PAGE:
While white gold looks very similar to platinum, over time the rhodium plating on the white gold will wear off and the ring will fade to its true color, a yellowish white. Once you re-polish and only if you re-plate a white gold ring, it will look bright white again. Platinum, which is naturally white, will not wear to a yellowish tint.
COST of GOLD vs PLATINUM
Currently, gold and platinum are similar in price per gram. However platinum is much more dense, and so more of it is required to make the same ring compared to white gold. Additionally, platinum rings are usually 95% pure platinum, while 14k gold is only 58.5% gold. Also consider that platinum is a bit harder to work with, requiring higher casting and welding temperatures and different equipment. Platinum also can take 3 times longer to finish polish. Therefore, platinum rings are still 80% to 120% more expensive than the exact same 14 karat white gold jewelry.
DURABILITY of GOLD vs PLATINUM
Both gold and platinum are both relatively soft metals. Softer than even the softest of gemstones. That characteristic is part of what makes them ideal for metal-smiths to cast, manipulate, solder or weld, and much easier to set precious stones in them. Of the two metals, platinum is the denser and the more durable. For example, the prongs holding the center stone of a platinum engagement ring are less likely to break, and will not wear away like the same prongs on a gold engagement ring. I have seen 100 year old platinum rings that have never needed their prongs re-tipped or replaced, or their designs worn away. Although its important to be aware that thin pieces of platinum bend much easier than white gold. So if prongs are made of platinum, they should be more robust, to deter accidental bending.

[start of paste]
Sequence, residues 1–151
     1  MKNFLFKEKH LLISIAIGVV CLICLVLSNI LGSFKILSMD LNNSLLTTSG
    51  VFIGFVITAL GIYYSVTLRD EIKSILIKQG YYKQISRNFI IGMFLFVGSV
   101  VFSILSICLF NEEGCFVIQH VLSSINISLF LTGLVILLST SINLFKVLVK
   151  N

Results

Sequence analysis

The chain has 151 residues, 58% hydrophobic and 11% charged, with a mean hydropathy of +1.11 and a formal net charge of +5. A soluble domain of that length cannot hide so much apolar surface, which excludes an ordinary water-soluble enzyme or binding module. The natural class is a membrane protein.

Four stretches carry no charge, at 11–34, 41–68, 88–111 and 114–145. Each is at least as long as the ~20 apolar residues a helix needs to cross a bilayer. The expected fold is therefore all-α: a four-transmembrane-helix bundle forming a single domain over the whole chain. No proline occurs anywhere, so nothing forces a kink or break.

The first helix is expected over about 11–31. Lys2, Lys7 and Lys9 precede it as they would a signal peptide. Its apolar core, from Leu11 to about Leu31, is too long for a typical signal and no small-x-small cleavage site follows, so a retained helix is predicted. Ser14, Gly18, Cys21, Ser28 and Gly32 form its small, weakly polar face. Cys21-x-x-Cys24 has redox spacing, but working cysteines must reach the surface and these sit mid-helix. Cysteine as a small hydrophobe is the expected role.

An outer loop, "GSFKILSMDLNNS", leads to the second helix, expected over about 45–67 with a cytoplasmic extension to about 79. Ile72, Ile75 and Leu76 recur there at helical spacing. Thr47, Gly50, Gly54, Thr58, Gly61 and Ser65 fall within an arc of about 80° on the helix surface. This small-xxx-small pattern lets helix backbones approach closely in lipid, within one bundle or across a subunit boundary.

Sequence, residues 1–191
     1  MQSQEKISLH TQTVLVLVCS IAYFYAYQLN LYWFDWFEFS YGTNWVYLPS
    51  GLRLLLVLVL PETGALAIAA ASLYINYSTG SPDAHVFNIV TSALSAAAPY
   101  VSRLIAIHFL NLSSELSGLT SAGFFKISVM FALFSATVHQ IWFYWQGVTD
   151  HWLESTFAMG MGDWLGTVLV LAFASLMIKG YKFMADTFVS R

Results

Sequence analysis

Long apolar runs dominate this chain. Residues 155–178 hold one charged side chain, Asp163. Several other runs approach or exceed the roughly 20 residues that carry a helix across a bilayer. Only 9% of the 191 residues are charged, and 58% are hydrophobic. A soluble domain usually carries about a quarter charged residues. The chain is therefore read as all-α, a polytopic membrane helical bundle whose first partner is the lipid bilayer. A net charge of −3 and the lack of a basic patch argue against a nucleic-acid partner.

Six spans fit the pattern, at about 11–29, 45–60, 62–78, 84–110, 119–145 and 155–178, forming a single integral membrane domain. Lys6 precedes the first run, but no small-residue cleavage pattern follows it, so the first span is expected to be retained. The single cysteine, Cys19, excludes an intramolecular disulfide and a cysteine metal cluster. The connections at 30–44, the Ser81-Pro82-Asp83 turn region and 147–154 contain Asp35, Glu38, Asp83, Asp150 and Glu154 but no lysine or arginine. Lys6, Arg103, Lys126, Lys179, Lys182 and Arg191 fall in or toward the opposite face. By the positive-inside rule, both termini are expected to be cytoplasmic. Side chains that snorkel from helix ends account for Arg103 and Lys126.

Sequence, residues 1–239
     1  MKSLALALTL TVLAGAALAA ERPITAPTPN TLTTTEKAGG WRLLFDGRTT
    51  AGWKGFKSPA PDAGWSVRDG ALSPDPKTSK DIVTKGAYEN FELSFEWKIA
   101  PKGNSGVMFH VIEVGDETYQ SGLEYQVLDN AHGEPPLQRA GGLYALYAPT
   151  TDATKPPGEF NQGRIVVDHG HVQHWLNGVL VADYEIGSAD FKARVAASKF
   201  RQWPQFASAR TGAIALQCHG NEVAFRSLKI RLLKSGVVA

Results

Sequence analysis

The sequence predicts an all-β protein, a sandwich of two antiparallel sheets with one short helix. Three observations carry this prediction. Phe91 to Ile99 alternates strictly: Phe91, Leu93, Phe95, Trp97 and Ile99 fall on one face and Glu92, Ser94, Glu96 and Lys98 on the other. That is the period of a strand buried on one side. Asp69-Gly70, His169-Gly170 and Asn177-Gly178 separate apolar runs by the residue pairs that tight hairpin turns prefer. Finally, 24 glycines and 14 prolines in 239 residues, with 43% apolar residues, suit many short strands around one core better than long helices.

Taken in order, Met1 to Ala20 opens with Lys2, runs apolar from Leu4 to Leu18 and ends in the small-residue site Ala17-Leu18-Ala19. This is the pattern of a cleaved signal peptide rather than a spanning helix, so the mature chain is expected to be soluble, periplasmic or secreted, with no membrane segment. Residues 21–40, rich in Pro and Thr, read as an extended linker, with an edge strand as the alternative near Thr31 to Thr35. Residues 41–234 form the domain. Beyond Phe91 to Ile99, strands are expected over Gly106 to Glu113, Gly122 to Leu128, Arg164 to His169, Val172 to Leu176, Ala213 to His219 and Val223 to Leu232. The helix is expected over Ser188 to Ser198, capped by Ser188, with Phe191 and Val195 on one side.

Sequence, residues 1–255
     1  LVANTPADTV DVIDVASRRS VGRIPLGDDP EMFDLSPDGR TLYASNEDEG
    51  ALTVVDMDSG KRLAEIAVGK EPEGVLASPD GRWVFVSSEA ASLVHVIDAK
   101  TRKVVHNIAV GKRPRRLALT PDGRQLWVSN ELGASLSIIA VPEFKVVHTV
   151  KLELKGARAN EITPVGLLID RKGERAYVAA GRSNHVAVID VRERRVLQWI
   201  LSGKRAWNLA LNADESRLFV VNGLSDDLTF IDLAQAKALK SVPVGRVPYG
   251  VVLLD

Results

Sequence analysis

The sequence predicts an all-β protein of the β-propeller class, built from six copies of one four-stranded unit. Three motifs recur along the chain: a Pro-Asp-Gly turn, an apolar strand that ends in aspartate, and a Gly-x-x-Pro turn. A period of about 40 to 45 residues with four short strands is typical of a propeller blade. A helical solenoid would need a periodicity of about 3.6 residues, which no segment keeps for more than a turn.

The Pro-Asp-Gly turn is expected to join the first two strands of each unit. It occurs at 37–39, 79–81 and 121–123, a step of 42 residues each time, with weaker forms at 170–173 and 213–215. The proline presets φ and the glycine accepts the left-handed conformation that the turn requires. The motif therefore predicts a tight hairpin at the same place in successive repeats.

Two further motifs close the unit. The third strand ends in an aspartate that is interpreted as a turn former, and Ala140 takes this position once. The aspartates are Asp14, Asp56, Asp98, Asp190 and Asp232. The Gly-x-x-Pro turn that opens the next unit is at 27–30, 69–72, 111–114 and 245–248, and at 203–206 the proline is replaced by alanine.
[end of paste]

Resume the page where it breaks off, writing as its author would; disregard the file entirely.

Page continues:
Many older platinum rings were made with a 10% iridium alloy. These are stamped with a “Plat 900”, for 90%. They also are sometimes stamped: “90%platinum 10% iridium” This alloy is less expensive, but it is more inclined to wear down, but not as much as gold alloys. The iridium-platinum is also not as white as the other platinum alloys. We will generally only use a 95% platinum and 5% ruthenium alloy. In this country, as long as platinum is at least 95% pure, it can be marked with the simple “plat” or “platinum” stamps.
When platinum is mined, it is found together with a ‘group’ of metals. This group of metals is called: “Platinum Group Metals.” More commonly referred to as “PGM’s.” The five PGM’s are: Iridium, Palladium, Platinum, Rhodium and Ruthenium. Rhodium and palladium are often used in catalytic converters. Their unique properties can act as a catalyst to help remove some of the more atmospherically harmful exhaust gases from internal combustion engines.
PLATINUM SCRATCHES EASIER THAN 14kt GOLD
Despite being a denser and stronger/more durable metal, platinum is actually softer than 14kt gold. This means it will get scratched a little easier than 14kt gold would. However, an important thing to note is when gold is scratched, the gold is lost and it looks like a scratch. When platinum is scratched, the platinum gets moved from one place on the ring to another, and it develops something called a patina finish (Which looks more like an antique ring.) If you think about how silver quickly looks frosted [the patina] with wear, platinum has that same ‘look’, but does not wear away like silver (or gold) does. A lot of people love and desire the patina finish.
PLATINUM IS TRULY WHITE
As mentioned above, platinum will always stay white, but white gold needs to be re-polished and re-plated occasionally to avoid the metal’s true yellow hue. This yellow hue usually appears in several months to several years after the rhodium plating is worn off. This depends on how much wear and tear the ring is exposed to. Generally the bottom of the ring’s shank loses its rhodium finish first. The top of the ring, and any raised edges will soon follow. Any depressions, or sunken areas in a ring’s design, will generally retain their rhodium plating, unless polished after a repair. This loss of rhodium can be accelerated by being subjected to some chemicals, or heavy wear.
GOLD vs PLATINUM – COMFORT
Because platinum is more dense than gold, platinum rings will feel significantly heavier than gold as well. Some prefer the heavier weight, but others find the lightness of gold rings to be more comfortable. It is really up to each individual person. One more benefit of platinum is that it is hypoallergenic. While yellow gold rings do not create an allergy issue for most people, some people react to nickel. People may also develop an allergic reaction from repeated exposure to the nickel used in white gold (and silver) rings.
If you still can’t decide between gold and platinum, don’t worry. If you have the budget, choose platinum. If you don’t, then white gold is still a precious metal and is an excellent choice. At the end of the day, all rings require some minimal upkeep and maintenance.Buy Jewellery Online